Good luck with it!
by ECrazyFan8 on February 17, 2004 12:48 AM
Thanks for the help Will!

Question on the baby plants - how do you know that there are "babies"

He has said he wants to plant the babies to make a new plant, but I don't know the first thing about how to do that.

Will the plant ever get back to the fullness it first had? When he brought it home it was a huge plant with lots of leaves but now you can see through the plant so many of the leaves have died off.
by weezie13 on February 17, 2004 01:55 AM
There is a picture of a spider plant on this site
and URL, click that, see the plants hanging from the plants, those are the babies......
When they get big enough you can either snip one off and plant it or if you like to help it one step better, leave it on the momma plant, and
tuck a pot under the one baby you want to do....
Tuck it into the soil but leave attached to momma, and the momma will feed it until the baby makes roots of it's own, and then you can snip the attached part from momma to baby off....
The Garden Helper/Bill's Info/Picture

Did that make sense to you????
(sometimes, I'm a bad explainer???)


* * * *

Don't forget to be kind to strangers. For some who have
done this have entertained angels without realizing it.
- Bible - Hebrews 13:2

by lizheaemma on February 17, 2004 02:38 AM
This old thread might be of some help?......

spider plants
by ECrazyFan8 on February 17, 2004 03:01 PM
Thank you for all the posts. Looking at the picture someone referred me to and the old thread mentioned, I don't know now if my son's plant is a spider plant. His looks nothing like that, it is purple and green with little leaves.
by weezie13 on February 17, 2004 03:04 PM
Wandering Jew????


You said they planted these in school???
Can you ask the teacher??
Probably would know, or the package where it came from??

* * * *

Don't forget to be kind to strangers. For some who have
done this have entertained angels without realizing it.
- Bible - Hebrews 13:2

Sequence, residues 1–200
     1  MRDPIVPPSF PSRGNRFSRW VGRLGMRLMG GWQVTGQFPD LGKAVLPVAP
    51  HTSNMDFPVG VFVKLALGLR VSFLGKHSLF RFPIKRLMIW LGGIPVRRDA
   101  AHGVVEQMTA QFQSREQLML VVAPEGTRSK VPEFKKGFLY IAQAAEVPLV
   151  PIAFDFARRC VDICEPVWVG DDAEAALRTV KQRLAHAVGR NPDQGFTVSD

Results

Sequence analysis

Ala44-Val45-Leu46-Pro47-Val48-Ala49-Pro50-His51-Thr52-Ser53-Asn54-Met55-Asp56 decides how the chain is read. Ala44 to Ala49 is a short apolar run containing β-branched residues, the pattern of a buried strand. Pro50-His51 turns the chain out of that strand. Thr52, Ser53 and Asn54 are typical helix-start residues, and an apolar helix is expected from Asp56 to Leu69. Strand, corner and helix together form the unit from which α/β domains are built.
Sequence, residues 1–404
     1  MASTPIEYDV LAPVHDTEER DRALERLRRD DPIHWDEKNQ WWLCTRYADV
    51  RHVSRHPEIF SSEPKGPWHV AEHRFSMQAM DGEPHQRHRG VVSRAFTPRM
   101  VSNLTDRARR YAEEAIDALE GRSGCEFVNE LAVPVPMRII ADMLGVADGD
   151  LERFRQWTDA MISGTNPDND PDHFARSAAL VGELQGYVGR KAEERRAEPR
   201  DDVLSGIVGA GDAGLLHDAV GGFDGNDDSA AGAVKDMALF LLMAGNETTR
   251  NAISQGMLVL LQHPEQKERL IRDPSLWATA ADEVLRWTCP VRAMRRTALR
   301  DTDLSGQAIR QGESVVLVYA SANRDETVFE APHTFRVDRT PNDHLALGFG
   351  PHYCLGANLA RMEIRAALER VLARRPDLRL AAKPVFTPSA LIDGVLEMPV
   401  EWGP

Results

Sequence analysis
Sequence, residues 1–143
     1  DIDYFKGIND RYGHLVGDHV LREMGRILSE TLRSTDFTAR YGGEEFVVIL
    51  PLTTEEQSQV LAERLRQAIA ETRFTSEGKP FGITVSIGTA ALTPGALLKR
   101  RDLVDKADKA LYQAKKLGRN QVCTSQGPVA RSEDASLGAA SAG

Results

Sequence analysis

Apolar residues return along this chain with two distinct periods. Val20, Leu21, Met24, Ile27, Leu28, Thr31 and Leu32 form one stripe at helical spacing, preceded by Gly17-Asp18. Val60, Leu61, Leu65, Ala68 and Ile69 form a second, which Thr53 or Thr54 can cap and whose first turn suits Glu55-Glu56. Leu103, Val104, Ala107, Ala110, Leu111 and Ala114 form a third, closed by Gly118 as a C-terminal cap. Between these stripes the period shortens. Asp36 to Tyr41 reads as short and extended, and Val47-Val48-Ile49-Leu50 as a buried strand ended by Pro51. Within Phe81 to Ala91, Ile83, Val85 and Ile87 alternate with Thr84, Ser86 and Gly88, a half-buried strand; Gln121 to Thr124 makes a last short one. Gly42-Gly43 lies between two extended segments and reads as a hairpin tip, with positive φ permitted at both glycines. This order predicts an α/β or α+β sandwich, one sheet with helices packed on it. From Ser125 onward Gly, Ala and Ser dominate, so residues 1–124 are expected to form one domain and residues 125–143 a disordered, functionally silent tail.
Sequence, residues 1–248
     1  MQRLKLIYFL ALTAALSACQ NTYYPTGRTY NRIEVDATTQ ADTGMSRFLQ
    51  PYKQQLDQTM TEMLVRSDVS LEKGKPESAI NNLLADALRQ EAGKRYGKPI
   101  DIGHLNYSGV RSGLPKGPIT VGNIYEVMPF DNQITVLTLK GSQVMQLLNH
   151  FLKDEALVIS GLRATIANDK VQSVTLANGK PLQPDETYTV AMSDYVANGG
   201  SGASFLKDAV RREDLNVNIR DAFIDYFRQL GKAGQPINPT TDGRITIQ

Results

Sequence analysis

by ECrazyFan8 on February 17, 2004 09:56 PM

THAT'S IT!!!! A Wandering Jew, just saw a picture of it! Thanks for all the help, even though I had the wrong name of the plant! [Embarrassed]

My son thought that was what the teacher told him the name was!

So, NOW WHAT, anyone know what I can do to make it look good again! [perplexed]
by Jiffymouse on February 18, 2004 12:28 AM
[wayey] welcome to the garden helper [wayey]
that is easy to do with wandering jews.

first, cut all the brown stuff off.
next, anything that is leggy (long stems, leaves only at the bottom) cut off, but do not discard (more on those later)
then, make sure that the soil isn't "dried out" as in rock hard. if it is, soak it in a pot of water for about two hours, then let drain well. if you have the opposit problem and it is soggy, tip the pot over the sink to get all the excess water out of it. do this several times over the course of a couple of hourse.
finally, put it where it gets good light, and the air vent does not blow down on it. up is ok, just like will said.

now, about the leggy parts you cut off. gather however many you have, put them im bunches of 4-6, put them in clear bottles of water where the water covers the stem over at least 2 nodes (or joints) from the bottom. change the water weekly (i use the "discard" water to water my other plants) and rinse the stems. you should soon have roots and new growth. i don't remember how long, but seems like not more than a couple of weeks. when you have a good bunch, plant them in a small/med pot and viola! you have a new wandering jew for another room in the house!!
by Bonsai Beginner on February 22, 2004 05:46 AM

I find spider plants extreamly easy to keep and they are grown all over my house with really no differance dispite the differance in temperature and light. I'm sorry to hear that yours is not doing so well. That's too bad [Frown] Anyway I have been reading and other plants seem to keep coming up over and over, especially marigolds. Personally ever since i was little i disliked marigolds, don't ask me why. If you don't care about flowers then plant an herb called chickory. It thrives just about anywhere and is impossible to kill! Trust me for the past three years I've been trying to get mine out of my garden. It used to be a houseplant but got to big. One year it grew to astounding sizes until it was as big as I was! Yikes!